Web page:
Tag Archives: Soebarkah

Obama, 9, Wanted to Be Indonesia’s Prime Minister

Now that we finally have an official brave enough to look into Obama’s constitutional eligibility to be President of the United States, i.e., Sheriff Joe Arpaio of Arizona’s Maricopa County, the matter of Obama’s Indonesian citizenship should also be investigated.

There are those who say that irrespective of Obama’s birth citizenship, when his mother Stanley Ann Dunham married Indonesian Lolo Soetoro, young Obama became an Indonesian citizen when he was adopted by Soetoro as his stepson. Furthermore, Obama had never renounced his Indonesian citizenship, as there is no official record of his application to become a U.S. citizen again.

Here’s evidence that suggests young Obama indeed was (is?) an Indonesian citizen. It also gives us a glimpse into Obama’s grandiose ambitions that began when he was just a child.

(l to r): Lolo Soetoro, Stanley Ann Dunham, Barry Obama

David Gardner of the UK’s Daily Mail reports, April 21, 2011, that Janny Scott’s book on Dunham, A Singular Woman: The Untold Story of Barack Obama’s Mother, has an account of Obama’s years in Indonesia, from age 6 to 10, before his mother sent him back to Hawaii to live with his maternal grandparents. Mom, however, stayed behind in Indonesia. Mother and son would never live together again.

Young Barack was then known as Barry. When his Indonesian stepfather asked little Barry what he wanted to be when he grew up, Barry cooly answered, “Oh, prime minister.”

The Constitution of the Republic of Indonesia says only an Indonesian by birth can be President or Vice President (Article 6), and only Indonesian citizens can vote and stand for election to Parliament and, by implication, be Prime Minister. Article 26 says that “Citizens are those who are indigenous Indonesians and persons of foreign origin who are legalized as citizens in accordance with the law.”

D.C. investigative reporter Wayne Madsen, in an exclusive-to-subscribers report on August 23, 2011, said that his field research in Jakarta, Indonesia, found that young Obama’s last name in his mother’s U.S. passport renewal application in 1968 was  “Soebarkah”. The boy’s name in full was Barack Hussein Obama (Soebarkah) with “Soebarkah” bracketed by parentheses, vice Soetoro.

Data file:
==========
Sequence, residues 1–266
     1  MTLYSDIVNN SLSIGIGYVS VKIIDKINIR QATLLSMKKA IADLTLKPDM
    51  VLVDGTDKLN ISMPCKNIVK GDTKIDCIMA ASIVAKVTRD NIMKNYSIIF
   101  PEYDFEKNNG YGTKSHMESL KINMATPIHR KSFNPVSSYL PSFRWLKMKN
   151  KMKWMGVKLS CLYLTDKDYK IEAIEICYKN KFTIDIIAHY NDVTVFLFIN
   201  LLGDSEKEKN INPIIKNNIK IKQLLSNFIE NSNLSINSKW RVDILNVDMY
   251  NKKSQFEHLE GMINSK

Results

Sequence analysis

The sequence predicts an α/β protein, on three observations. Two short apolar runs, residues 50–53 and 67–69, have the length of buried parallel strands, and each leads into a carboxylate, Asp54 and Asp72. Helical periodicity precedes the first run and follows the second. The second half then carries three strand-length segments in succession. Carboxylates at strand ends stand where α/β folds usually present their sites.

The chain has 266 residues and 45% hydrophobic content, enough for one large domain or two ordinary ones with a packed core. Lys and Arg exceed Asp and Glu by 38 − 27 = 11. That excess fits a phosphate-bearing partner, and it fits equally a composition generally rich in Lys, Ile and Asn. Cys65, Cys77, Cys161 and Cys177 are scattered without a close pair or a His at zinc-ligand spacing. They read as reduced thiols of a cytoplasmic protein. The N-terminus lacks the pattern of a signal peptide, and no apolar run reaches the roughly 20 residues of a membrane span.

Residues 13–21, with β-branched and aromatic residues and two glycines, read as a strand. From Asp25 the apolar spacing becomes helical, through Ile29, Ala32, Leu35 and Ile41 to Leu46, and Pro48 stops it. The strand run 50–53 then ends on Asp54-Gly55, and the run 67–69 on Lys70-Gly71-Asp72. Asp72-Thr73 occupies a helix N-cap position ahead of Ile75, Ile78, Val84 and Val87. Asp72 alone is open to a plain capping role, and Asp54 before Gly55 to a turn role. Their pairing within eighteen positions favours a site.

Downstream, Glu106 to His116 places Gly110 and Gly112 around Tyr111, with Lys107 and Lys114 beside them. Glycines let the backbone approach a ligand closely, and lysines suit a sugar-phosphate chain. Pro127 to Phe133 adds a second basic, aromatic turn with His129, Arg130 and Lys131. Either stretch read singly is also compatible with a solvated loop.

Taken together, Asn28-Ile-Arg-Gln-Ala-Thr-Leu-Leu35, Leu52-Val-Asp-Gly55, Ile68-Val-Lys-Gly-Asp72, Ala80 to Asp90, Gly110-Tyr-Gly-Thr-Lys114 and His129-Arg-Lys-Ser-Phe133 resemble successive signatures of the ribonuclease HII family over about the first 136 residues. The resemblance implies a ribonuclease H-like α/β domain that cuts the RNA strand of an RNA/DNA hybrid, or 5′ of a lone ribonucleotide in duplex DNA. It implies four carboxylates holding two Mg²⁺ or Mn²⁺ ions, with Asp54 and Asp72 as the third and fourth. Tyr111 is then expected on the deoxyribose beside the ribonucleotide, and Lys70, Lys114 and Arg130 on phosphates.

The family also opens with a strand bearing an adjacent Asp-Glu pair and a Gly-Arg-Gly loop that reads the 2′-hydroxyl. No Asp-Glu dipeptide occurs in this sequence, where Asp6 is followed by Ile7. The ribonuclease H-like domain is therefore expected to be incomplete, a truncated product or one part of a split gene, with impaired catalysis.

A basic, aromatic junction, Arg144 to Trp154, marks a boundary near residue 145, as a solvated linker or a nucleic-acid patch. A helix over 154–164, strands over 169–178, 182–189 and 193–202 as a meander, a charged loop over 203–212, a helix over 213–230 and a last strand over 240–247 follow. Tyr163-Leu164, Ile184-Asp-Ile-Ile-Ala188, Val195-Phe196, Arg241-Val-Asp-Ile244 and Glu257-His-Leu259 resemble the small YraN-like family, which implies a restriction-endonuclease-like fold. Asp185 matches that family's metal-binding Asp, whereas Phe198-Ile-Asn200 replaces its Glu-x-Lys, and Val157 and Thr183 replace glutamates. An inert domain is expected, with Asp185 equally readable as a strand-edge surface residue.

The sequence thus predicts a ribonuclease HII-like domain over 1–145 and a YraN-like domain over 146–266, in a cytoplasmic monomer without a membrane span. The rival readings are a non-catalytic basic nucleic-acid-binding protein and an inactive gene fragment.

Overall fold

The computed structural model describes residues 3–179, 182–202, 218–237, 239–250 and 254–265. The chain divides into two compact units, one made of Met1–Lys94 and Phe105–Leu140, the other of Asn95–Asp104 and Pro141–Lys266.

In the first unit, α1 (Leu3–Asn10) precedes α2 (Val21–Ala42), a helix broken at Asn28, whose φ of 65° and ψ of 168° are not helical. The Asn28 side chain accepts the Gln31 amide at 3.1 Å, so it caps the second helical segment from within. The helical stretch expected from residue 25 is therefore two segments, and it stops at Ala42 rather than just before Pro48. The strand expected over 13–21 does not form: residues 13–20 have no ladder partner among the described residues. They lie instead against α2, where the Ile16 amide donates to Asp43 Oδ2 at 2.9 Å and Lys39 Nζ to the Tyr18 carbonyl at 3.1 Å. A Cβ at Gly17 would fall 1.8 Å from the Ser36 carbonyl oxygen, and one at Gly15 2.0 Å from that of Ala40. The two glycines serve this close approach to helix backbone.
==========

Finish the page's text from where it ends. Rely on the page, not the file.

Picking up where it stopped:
Madsen believes the name “Soebarkah” may be Obama’s given Indonesian name upon his formal adoption by Lolo Soetoro, which “strongly” indicates that Obama became an Indonesian citizen.

Indonesian law explicitly states that dual citizenship is not permitted and, according to a 1958 Indonesian law, only Indonesian citizens could be enrolled in the two schools Obama attended in Jakarta: St. Fransiskus Assisi Catholic school and Menteng Elementary. Even if he had been born in Hawaii, by becoming an Indonesian and possibly by travelling on an Indonesian passport to Pakistan and India in 1980, Obama ceased being a “natural born” U.S. citizen and became a “native born” citizen.

Obama’s mother’s listing of her son’s name as “Soebarkah” was in all likelihood an attempt by her to avoid breaking U.S. law, which states, “False statements made knowingly and willfully in passport applications are punishable by fine and/or imprisonment under U.S. law.”

Although it is an Indonesian custom for family, friends, and even employers of domestic help to informally “adopt” the children of relatives, friends, and employees, Obama’s adoption was much more formal and carried out pursuant to Indonesian law. Soebarkah may be Obama’s given Indonesian name: a legal requirement in his formal adoption process and his becoming an Indonesian citizen.

The U.S. Constitution’s Article II, clause 5, states: “No Person except a natural born Citizen, or a Citizen of the United States, at the time of the Adoption of this Constitution, shall be eligible to the Office of President.” Regardless of Obama’s birth citizenship, when he was adopted by Lolo Soetoro, he became a sole Indonesian citizen as a result of Indonesia’s prohibition of dual citizens, was given the Indonesian name of Soebarkah, and may have continued to swear allegiance to a foreign power until after he turned 18. There is a controversy over Obama’s attendance at Occidental College in 1979, with unverified reports that he had been awarded a Fulbright Scholarship only available to foreign students. Obama’s Occidental records, as well as those from Columbia University, where he transferred, remain largely sealed.

Madsen concludes: “With most of Obama’s immediate family members dead and those who he knew in Jakarta who are still alive afraid to talk to the press, Obama has managed to continue to perpetuate a fraudulent presidency on the American people.”